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Astros-Reds: Roy O Continues to Massacre Cincinnati

Roy Oswalt has had a pretty stellar major league career. But pitchers just normally don’t have career numbers against teams like the numbers Roy Oswalt has against the Reds. Last night was his 25th career start against the Reds. And after last night’s 4-1 victory, Oswalt is now 22-1 all-time against the Reds. That is just an outstanding number.

Like Tuesday’s game, last night’s was an exceptionally pitched game. That’s not surprising coming from Oswalt, but Reds starter Josh Fogg has been rather awful this season. The Reds only got six hits, but they took the early 1-0 lead, scoring in the first inning. But the Astros chipped away, and Hunter Pence put the Astros up 2-1 with a two run homer in the fourth inning. It was still a close, nail-biter of a game until Ty Wigginton put the game out of reach with a two run homer in the seventh inning.

After last night, the Astros have won 13 of 15 games against the Reds season, and are now 67-66 for the season. The Astros go for the series victory this afternoon. Brandon Backe (8-12, 5.54) tries to put two good starts together as he pitches against Aaron Harang (4-13, 5.35).


Brian McTaggart’s got some interesting Astros minor league news. For instance, the Astros Single A club, the Salem Avalanche, are owned by the Boston Red Sox, and the Red Sox have announced that they are not renewing the player development agreement with the Astros. This means that the Astros must find a new minor league home for their Single A minor leaguers next season.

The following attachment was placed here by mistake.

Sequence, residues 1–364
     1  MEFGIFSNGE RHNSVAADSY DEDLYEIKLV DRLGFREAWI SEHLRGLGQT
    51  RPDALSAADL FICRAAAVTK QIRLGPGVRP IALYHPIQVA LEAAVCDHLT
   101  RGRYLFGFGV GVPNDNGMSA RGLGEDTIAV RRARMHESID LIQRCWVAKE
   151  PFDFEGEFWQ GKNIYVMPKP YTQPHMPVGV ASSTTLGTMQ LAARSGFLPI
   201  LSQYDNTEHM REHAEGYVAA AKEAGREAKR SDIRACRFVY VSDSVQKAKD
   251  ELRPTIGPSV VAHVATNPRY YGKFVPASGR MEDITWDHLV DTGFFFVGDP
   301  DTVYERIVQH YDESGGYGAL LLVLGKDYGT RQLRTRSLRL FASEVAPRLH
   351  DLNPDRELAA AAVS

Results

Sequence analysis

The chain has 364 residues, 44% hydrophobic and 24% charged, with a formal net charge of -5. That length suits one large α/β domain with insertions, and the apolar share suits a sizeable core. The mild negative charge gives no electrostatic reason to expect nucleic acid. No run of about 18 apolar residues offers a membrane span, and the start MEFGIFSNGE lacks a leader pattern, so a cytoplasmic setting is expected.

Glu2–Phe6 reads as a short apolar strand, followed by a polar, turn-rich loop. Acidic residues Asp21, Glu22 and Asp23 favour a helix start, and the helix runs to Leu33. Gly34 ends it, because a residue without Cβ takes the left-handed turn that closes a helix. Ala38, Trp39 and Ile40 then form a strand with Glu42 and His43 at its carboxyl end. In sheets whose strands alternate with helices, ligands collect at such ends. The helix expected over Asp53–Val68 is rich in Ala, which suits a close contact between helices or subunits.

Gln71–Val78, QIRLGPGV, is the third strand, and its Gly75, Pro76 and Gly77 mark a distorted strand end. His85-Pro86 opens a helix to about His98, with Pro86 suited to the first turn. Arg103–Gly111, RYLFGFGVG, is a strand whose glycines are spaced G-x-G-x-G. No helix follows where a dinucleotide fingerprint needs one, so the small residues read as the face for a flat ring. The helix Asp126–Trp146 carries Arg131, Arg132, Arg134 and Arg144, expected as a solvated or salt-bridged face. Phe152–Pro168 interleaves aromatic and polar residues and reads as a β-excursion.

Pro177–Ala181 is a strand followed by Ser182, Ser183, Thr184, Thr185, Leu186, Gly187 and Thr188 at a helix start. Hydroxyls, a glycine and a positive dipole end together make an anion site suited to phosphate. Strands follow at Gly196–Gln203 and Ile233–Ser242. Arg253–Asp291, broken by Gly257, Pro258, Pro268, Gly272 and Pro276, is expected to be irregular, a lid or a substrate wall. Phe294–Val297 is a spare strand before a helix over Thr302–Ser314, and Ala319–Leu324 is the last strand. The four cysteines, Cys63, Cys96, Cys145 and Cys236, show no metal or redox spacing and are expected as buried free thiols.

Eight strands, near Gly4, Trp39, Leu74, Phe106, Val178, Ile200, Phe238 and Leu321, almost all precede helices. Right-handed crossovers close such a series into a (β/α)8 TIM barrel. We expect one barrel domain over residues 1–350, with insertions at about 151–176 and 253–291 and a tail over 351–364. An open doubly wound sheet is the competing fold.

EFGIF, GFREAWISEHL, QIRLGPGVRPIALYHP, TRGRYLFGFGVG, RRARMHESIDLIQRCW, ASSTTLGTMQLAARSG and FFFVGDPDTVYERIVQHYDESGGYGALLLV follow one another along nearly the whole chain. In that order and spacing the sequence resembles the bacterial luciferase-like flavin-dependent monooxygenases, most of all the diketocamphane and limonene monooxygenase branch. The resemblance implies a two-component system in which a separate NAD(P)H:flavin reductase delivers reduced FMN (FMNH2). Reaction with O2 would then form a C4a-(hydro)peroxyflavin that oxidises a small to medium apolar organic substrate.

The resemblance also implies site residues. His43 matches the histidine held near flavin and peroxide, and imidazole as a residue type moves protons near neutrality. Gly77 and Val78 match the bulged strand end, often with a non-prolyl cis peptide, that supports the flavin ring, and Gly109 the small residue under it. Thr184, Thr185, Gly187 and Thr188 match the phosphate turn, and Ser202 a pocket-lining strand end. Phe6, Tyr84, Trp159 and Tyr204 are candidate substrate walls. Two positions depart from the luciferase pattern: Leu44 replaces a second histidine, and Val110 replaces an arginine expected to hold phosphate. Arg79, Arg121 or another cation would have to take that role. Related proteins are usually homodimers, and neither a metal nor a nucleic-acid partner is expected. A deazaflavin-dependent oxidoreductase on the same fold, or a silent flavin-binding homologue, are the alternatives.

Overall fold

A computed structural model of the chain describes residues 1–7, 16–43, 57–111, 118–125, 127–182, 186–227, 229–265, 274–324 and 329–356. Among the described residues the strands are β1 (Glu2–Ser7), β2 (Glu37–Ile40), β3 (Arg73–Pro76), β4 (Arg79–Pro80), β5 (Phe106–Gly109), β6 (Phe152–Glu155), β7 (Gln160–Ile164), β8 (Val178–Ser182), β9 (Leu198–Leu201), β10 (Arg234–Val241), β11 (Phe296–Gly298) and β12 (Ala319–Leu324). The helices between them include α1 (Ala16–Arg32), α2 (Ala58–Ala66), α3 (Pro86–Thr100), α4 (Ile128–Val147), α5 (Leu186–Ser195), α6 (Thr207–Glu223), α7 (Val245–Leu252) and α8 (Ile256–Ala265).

Hey, Sugar Land, maybe you should hurry up a bit with that town development.

And the Astros have been beaten up in some games this year, but nothing compared to what happened to the Corpus Christi Hooks on Monday night. The Hooks, the Astros Double A affiliate, were defeated 21-3. This is the worse loss in the history of the Hooks.

***************** Steve Campbell notes that the Astros are on a pace to score 725 runs this season. Which is only two more runs than the Astros scored last season. And he wants to know: What happened to this so-called vaunted offensive machine of the Astros? Well, I can tell him what happened. The Astros relied on Kaz Matsui to stay healthy. They relied on Miguel Tejada to hit for an entire season. They relied on Michael Bourn to be able to play for an entire season. And J.R. Towles was supposed to hit. Also, as Campbell notes, the Astros have a lousy on-base percentage, ranking 11th in the National League, and they are dead last in the NL with only 370 walks.

This is not surprising however. The Astros have never been a team about on-base percentage. Can anyone out there ever remember Craig Biggio working a pitcher and trying to draw a walk? Until the Astros learn to get on-base, they’re always going to have trouble scoring runs.

Oh well, only 29 more games left this season. The horror will soon be over. – John Royal

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